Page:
In the days of the oligarch corruption in Armenia, many from the diaspora were (and perhaps still are) fearful of donating because of this perception. Many advised people to continue, but find causes that “fly under the radar” of the corruption. There is so much work to do and thus the efforts of many NGOs, non-profits and individuals continued and were established. The corruption needed to go, but you find a way to persevere. The Badarak is the church’s version of “flying under the radar.” It is pure, beautiful and spiritually fulfilling. It provides us the nourishment to face the daily lives and make a difference. It is corruption-free. It should also provide us with the inner peace and courage to deal with some of the challenges that are “flying above the radar.” This includes our responsibility to keep the institution on the true path. Perceptions of corruption slow us from embracing that path. Together, we can all make a difference. The corruption is man-made and will pass. But our faith finds its source with God and is eternal.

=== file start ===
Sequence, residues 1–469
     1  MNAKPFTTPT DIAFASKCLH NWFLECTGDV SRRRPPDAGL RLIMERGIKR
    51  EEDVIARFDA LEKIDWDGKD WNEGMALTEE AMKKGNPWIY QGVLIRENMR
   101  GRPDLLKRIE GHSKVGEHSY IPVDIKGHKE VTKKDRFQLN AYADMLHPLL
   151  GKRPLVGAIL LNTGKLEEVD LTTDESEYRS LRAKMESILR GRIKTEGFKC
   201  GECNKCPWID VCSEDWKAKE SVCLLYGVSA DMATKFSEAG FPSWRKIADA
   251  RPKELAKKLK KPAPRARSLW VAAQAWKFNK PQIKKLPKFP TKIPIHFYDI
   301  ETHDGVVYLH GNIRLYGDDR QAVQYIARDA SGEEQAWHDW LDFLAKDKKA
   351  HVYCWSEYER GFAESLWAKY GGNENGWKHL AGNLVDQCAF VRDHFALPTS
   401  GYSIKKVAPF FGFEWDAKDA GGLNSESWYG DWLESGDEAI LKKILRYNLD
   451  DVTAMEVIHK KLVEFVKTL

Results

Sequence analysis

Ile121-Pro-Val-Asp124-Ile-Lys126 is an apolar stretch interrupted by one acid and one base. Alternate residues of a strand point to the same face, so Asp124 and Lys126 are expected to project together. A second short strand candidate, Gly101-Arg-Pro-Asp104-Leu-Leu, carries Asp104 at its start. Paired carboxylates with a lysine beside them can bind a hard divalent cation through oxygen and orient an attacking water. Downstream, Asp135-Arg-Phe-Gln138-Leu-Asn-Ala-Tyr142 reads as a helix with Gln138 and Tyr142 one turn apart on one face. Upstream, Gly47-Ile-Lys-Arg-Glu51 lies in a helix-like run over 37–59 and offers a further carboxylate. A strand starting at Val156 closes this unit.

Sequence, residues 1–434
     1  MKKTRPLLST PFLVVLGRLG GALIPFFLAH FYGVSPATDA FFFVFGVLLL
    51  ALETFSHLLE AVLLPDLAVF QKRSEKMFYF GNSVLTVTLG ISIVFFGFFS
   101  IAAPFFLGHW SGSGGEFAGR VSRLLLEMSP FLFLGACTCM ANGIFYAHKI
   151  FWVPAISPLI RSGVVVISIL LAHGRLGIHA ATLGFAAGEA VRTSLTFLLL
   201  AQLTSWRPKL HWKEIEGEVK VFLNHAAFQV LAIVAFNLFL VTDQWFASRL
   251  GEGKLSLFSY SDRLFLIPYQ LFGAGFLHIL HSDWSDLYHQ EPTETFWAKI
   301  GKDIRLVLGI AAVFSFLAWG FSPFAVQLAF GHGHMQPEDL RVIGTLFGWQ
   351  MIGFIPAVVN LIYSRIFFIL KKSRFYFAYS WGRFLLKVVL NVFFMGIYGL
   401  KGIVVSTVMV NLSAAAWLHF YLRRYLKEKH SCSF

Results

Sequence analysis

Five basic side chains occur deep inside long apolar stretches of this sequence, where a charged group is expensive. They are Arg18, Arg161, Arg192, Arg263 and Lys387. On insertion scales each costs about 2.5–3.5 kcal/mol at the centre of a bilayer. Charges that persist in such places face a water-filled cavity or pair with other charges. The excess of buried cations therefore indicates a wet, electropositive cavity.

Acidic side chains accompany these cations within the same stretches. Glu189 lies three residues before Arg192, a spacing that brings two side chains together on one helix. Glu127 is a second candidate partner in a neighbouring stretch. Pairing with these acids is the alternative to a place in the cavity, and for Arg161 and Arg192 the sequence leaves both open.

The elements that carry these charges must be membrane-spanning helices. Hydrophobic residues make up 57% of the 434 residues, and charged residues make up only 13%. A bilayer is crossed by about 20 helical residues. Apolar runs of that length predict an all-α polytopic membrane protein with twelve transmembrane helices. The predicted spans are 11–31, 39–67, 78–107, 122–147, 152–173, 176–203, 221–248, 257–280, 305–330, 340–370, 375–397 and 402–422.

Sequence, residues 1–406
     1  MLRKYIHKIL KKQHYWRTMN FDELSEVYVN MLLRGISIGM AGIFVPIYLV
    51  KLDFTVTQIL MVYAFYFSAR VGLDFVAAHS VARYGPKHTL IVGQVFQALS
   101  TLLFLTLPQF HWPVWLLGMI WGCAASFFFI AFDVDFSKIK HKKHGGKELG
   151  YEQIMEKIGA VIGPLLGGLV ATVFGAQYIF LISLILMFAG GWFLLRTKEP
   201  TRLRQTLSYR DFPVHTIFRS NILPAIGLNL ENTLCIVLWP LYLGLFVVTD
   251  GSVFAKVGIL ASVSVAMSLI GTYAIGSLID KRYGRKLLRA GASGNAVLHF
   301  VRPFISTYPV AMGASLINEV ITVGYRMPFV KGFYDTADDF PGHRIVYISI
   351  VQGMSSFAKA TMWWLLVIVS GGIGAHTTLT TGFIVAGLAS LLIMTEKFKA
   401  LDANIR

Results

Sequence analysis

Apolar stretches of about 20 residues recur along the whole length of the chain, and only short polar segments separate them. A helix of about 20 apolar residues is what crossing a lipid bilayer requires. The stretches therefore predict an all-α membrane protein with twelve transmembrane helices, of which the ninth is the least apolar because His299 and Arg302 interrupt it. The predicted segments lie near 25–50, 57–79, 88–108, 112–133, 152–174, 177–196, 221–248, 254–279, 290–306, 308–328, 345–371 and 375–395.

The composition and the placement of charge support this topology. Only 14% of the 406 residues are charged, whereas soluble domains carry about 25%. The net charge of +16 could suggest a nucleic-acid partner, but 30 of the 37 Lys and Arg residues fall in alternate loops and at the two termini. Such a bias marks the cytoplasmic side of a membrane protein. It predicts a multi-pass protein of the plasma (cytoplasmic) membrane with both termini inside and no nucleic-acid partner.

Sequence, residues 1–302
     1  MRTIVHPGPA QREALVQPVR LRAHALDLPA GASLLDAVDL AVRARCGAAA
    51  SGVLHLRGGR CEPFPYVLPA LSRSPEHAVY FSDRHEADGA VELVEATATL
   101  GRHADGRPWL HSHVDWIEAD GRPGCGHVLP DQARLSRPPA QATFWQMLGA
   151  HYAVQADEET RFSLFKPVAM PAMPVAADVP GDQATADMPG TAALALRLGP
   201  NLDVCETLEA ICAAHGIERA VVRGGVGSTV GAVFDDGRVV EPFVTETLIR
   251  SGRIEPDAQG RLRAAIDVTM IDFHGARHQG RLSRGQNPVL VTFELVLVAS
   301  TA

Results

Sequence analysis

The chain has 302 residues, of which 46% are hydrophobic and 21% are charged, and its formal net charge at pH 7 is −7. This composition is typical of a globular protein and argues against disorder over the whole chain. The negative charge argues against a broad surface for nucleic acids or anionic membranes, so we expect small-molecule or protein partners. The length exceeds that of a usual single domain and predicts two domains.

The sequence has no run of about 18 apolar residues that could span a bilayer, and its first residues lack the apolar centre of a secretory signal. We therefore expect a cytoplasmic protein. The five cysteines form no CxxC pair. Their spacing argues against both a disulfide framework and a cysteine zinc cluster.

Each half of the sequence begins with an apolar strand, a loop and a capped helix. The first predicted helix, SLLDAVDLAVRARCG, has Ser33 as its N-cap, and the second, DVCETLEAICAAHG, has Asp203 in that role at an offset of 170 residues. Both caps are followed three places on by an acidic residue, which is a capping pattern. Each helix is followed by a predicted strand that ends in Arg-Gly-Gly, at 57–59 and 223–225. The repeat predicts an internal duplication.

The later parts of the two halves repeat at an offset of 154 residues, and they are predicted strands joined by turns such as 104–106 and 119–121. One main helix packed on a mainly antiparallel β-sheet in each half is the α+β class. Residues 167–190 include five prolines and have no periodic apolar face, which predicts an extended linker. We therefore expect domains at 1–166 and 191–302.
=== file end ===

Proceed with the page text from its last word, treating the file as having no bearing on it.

Stepan Piligian

Stepan Piligian

Columnist
Stepan was raised in the Armenian community of Indian Orchard, MA at the St. Gregory Parish. A former member of the AYF Central Executive and the Eastern Prelacy Executive Council, he also served many years as a delegate to the Eastern Diocesan Assembly. Currently , he serves as a member of the board and executive committee of the National Association for Armenian Studies and Research (NAASR). He also serves on the board of the Armenian Heritage Foundation. Stepan is a retired executive in the computer storage industry and resides in the Boston area with his wife Susan. He has spent many years as a volunteer teacher of Armenian history and contemporary issues to the young generation and adults at schools, camps and churches. His interests include the Armenian diaspora, Armenia, sports and reading.
Stepan Piligian

Latest posts by Stepan Piligian (see all)

1 Comment

  1. Bravo Stepan. Not only was this a well written article, but it was very sensitive and offered hope for the future of our church, our people and our beautiful culture that revolves around our faith. We definitely need to pray that the leadership will follow suit to bring this chapter to a conclusion that is better than just satisfactory. Your articles and perspectives are always inspiring.

Leave a Reply

Your email address will not be published.


*